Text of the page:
OBAMA’s INDIA VISIT: How the world has changed: We create jobs for US – Deals in hand, Obama concedes two-way flow – the diplomatic salesman at his finest ?!!
FROM THE TELEGRAPH
BY SUJAN DUTTA
WITH INPUTS FROM NEW YORK TIMES NEWS SERVICE
Mumbai, Nov. 6: India today put its might where its mouth once was, handing the United States of America a life-saver of 53,670 jobs in one fell swoop and redeeming a generation that still remembers the long years of “ship-to-mouth” existence.
As President Barack Obama savoured the relief of wrapping up 20 Indian deals that can generate jobs back home, First Lady Michelle Obama danced to a Bollywood song 2km away.
It appeared that the first day of the presidential tour was more about an undeclared coronation of India rather than whether a one-time minnow managed to squeeze out benevolence from a reigning monarch.
The mood was captured by industrialist Anand Mahindra, who told a cheering audience at a panel discussion later: “It’s nice to see a hand being stretched towards us for a change.”
Mahindra would have struck a chord among the Indian generation that was born in the 1950s and grew up during the next two “difficult decades”, feeding on American grain generosity till the Green Revolution filled the country’s granaries.
Half a century later, India’s granaries are overflowing, some (*?!!) to criminal wastage. The Indian economy is doing much better than most western powers and the country is in a position to offer other nations jobs, not just “steal” them as some critics of outsourcing have been claiming.
Obama acknowledged as much today. Meeting 25 Indian executives in the afternoon, he spoke of “ties that hold incredible promise”. But jobs were never far from the lips of the President, who badly needs to convince increasingly sceptical Americans that he can fix the economy.
“Ties that hold incredible promise for people and our future. The promise of new jobs, industries and new growth. Whether or not that promise is fulfilled depends on us, on the decisions we take and partnerships we build in the coming years,” Obama said.
Among the audience were some entrepreneurs who are working on start-ups for electric cars and water purifiers. Obama told the group that he wanted to hear from them about new ideas that could help create jobs in the US and emerging markets like India, said Shaffi Mather, a young Indian businessman who attended the meeting.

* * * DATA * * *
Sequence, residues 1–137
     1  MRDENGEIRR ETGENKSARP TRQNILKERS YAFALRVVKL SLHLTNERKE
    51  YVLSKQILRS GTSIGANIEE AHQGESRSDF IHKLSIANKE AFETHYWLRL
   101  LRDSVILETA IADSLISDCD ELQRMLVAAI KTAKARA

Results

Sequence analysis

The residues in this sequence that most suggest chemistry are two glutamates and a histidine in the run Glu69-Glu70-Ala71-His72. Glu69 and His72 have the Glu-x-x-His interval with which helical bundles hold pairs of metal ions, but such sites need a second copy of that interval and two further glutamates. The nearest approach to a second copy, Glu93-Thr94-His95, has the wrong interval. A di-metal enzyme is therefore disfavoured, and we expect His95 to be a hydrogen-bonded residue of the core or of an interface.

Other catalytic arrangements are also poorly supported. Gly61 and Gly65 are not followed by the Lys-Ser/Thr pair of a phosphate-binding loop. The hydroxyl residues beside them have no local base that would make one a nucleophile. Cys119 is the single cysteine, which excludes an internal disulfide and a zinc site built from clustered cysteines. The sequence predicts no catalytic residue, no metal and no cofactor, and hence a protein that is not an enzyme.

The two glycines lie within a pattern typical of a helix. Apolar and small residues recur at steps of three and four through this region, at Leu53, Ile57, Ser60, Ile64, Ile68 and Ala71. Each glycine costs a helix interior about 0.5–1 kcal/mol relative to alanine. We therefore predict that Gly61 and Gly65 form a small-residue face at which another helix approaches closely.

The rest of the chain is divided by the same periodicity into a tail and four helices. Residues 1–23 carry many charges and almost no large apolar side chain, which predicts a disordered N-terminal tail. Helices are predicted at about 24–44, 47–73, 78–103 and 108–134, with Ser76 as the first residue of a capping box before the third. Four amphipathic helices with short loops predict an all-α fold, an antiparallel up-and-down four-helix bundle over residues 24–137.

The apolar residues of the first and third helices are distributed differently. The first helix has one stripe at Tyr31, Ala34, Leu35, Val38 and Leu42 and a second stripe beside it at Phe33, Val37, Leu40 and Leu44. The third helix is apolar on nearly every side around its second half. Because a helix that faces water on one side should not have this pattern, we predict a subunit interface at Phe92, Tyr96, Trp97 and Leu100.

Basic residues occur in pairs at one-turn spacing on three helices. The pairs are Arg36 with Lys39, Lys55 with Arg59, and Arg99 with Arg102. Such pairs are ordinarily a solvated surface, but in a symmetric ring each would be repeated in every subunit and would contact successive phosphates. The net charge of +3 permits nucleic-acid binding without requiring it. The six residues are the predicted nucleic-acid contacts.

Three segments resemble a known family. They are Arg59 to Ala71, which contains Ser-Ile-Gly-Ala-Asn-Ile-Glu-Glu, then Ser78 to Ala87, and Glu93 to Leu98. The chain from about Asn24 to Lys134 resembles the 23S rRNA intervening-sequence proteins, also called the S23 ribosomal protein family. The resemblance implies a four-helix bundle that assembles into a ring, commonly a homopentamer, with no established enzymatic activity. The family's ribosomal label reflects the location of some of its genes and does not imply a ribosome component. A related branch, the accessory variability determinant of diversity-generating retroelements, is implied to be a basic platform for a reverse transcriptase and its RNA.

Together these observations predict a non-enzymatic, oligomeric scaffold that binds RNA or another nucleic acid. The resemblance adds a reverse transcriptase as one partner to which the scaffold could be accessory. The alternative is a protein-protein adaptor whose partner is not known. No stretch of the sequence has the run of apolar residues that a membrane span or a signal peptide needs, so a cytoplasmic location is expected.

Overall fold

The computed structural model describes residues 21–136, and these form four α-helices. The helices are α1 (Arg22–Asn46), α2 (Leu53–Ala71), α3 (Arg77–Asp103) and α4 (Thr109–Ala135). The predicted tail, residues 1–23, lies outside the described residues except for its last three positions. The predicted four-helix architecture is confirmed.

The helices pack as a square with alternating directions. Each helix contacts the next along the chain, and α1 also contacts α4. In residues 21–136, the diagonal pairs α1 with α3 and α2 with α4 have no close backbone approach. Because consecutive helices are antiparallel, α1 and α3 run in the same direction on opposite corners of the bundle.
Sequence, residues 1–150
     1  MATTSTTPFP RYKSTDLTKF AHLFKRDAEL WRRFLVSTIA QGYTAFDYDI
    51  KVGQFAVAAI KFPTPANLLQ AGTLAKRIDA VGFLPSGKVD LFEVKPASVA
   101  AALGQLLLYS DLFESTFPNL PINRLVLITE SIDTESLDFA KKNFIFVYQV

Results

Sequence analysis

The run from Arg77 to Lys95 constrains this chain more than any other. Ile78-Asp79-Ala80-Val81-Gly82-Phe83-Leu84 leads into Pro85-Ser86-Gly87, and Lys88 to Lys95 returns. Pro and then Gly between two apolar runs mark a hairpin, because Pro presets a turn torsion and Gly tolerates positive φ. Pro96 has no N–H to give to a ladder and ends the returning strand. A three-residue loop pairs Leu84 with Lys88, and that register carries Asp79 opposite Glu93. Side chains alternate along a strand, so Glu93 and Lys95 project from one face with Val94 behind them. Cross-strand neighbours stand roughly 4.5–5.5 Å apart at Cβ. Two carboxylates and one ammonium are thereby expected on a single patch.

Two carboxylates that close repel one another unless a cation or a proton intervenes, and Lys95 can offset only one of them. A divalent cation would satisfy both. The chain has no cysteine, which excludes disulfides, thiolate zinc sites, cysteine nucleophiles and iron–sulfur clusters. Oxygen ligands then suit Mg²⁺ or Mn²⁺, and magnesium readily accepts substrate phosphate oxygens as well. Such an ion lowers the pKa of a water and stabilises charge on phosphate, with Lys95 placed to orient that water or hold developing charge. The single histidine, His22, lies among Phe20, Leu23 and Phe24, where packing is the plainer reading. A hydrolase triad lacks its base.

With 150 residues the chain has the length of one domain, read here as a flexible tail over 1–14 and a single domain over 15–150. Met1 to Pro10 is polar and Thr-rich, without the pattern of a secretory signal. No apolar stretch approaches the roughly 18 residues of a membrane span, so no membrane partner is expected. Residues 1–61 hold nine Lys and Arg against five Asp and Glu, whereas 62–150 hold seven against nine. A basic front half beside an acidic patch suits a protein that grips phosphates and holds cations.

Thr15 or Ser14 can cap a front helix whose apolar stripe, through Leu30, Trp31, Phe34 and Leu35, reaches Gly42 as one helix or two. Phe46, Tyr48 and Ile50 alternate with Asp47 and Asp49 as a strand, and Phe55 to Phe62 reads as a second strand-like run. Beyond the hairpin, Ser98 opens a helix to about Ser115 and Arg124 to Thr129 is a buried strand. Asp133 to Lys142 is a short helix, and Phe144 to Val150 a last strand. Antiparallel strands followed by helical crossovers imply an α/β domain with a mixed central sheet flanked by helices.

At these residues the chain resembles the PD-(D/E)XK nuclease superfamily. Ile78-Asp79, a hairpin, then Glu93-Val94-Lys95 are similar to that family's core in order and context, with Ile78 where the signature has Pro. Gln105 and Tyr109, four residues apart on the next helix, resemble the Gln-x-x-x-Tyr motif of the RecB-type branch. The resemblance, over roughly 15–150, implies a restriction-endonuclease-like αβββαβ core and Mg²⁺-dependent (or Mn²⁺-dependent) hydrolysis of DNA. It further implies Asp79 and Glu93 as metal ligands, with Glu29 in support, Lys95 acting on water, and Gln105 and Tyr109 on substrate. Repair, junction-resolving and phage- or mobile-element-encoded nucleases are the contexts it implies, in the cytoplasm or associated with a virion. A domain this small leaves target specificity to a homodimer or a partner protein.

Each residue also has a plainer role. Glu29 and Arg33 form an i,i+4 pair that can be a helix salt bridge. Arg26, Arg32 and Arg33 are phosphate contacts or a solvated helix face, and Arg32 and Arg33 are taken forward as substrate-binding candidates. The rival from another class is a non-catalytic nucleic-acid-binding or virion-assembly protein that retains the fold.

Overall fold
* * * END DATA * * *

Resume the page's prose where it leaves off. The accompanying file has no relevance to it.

Many of the deals were already in the pipeline before today’s formal announcement but the alacrity with which the Americans were holding them aloft as trophies reflected the intense pressure for jobs they face back home.
Among the deals is an order of 33 Boeing aircraft for SpiceJet that could generate about 12,000 jobs. While Obama was speaking in Nariman Point, his mind must have been in Chicago, his homeport where Boeing is headquartered.
India is a delicate place for Obama to talk about jobs, given American concerns about outsourcing.
The President today steered clear of his campaign trail analogy of Bangalore-Boston (how American cities are losing jobs to Indian cities) but did mention “old stereotypes”.
“These old stereotypes, these old concerns ignore today’s reality,” Obama said. “In 2010, trade between our countries is not just a one-way street of American jobs and companies moving to India. It is a dynamic, two-way relationship that is creating jobs, growth, and higher living standards in both our countries.”
If Prime Minister Manmohan Singh, who flagged off the country on the road to reforms nearly two decades ago, was following developments with quiet vindication today, an unexpected political bonus also came his way.
The BJP launched an attack on Obama for omitting Pakistan in his speech at the Taj hotel while paying tribute to 26/11 victims.
By this evening, an embarrassed BJP was speaking of “calibrating” the response tomorrow, realising that any mention of Pakistan by Obama would have struck at the root of the party’s avowed “bilateral issue” stand. Besides, no head of state or government is expected to criticise another country by name from the soil of a third nation. Some western leaders had indeed named Pakistan earlier but had to pay a domestic price once they returned.
The afternoon’s sombre meeting at the Taj hotel against the backdrop of the Gateway of India was just the plank from which Obama dove into the business agenda that he enunciated at the US India Business Council meet in the evening at The Trident.
For Mumbaikars, hassled by the hyper-security around the President and his First Lady, it was a language that was easily understood: dhandha, the transactional nature of relationships. “Obamarketeer has found dhandha here today,” said a Mumbaikar.